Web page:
In my opinion, grading the final year students based on their past performances would have made more sense.  There would have been more data available at their disposal for this purpose as compared to the data available for lower semesters. They could’ve predicted precisely the average percentage that one usually scores in a semester. Picking up a certain percentage of marks from this average and combining it with the performances in internal assessments done using the limited number of online classes and assignments would have been more helpful than conducting exams and thus risking lives of lakhs of people.

Examinations are an important part of one’s academic life and excelling in them surely boosts their morale as well as confidence. However, during these times of worldwide crisis, nothing can be more important than one’s life. With no treatment available at our disposal for its effective treatment and no guarantee of cure makes the decision of conducting exams even more complicated. Neither can we overlook the potential chaos that is expected to be caused by this decision nor can we avoid the infections that are bound to increase in rapid strides over a period of time in future.

While we, the students, are trying our level best to concentrate on our studies, we will be grateful if the government comes up with an innovative approach of grading, rather than making students seem like test subjects as is reflected by some of the tweets below:

Tweet About Exam Cancellation

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Now as an MH Fellow with YKA, she’s expanding her impressive scope of work further by launching a campaign to facilitate the process of ensuring better menstrual health and SRH services for women residing in correctional homes in West Bengal. The campaign will entail an independent study to take stalk of the present conditions of MHM in correctional homes across the state and use its findings to build public support and political will to take the necessary action.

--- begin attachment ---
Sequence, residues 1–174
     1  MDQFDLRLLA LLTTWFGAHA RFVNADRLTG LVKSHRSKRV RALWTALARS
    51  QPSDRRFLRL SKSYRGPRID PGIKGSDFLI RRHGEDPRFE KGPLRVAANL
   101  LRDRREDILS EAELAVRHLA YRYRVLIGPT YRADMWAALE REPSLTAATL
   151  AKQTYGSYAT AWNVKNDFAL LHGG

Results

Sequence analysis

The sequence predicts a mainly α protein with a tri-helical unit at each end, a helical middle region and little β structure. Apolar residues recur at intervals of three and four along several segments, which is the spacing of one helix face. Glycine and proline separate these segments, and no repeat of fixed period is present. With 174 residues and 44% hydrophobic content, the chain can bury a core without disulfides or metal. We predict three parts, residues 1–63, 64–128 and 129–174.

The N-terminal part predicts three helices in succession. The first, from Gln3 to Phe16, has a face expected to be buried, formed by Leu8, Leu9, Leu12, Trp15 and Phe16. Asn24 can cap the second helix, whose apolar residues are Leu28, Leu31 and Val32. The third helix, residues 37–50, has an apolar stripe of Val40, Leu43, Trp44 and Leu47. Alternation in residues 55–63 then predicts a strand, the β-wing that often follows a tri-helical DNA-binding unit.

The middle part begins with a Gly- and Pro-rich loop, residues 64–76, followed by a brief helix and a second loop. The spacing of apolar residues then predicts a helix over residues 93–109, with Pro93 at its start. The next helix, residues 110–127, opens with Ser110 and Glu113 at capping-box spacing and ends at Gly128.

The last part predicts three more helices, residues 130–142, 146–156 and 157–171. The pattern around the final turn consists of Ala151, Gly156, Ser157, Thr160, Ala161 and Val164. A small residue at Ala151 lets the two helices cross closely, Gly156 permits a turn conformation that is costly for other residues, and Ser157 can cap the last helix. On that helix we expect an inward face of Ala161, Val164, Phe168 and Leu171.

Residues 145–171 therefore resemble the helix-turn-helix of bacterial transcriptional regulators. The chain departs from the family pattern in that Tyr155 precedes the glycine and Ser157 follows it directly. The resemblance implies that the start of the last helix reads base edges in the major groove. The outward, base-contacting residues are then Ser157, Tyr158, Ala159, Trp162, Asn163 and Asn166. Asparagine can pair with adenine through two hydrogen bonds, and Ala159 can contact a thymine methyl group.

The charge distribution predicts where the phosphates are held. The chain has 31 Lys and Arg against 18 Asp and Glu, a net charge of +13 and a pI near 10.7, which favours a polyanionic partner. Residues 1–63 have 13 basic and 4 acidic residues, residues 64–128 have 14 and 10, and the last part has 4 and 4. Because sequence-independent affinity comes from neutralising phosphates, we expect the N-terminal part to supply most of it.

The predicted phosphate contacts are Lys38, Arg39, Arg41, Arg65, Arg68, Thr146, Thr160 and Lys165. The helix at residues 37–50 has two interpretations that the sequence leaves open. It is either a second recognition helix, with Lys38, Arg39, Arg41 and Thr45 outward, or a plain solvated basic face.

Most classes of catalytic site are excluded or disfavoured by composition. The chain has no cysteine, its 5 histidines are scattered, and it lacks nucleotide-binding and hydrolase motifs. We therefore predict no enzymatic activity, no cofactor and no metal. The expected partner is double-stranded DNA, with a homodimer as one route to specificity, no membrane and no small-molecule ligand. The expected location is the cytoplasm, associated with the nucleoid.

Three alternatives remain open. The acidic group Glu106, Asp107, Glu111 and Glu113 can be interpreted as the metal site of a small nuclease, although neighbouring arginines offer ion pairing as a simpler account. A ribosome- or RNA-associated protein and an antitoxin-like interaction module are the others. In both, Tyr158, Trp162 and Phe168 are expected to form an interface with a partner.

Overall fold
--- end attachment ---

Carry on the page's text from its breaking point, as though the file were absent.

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The long-term aim of the campaign is to develop an open culture where menstruation is not treated as a taboo. The campaign also seeks to hold the schools accountable for their responsibilities as an important component in the implementation of MHM policies by making adequate sanitation infrastructure and knowledge of MHM available in school premises.

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A student from Delhi School of Social work, Vineet is a part of Project Sakhi Saheli, an initiative by the students of Delhi school of Social Work to create awareness on Menstrual Health and combat Period Poverty. Along with MHM Action Fellow Sabna, Vineet launched Menstratalk, a campaign that aims to put an end to period poverty and smash menstrual taboos in society.

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As a Youth Ki Awaaz Menstrual Health Fellow, Nitisha has started Let’s Talk Period, a campaign to mobilise young people to switch to sustainable period products. She says, “80 lakh women in Delhi use non-biodegradable sanitary products, generate 3000 tonnes of menstrual waste, that takes 500-800 years to decompose; which in turn contributes to the health issues of all menstruators, increased burden of waste management on the city and harmful living environment for all citizens.

Let’s Talk Period aims to change this by

Find out more about her campaign here.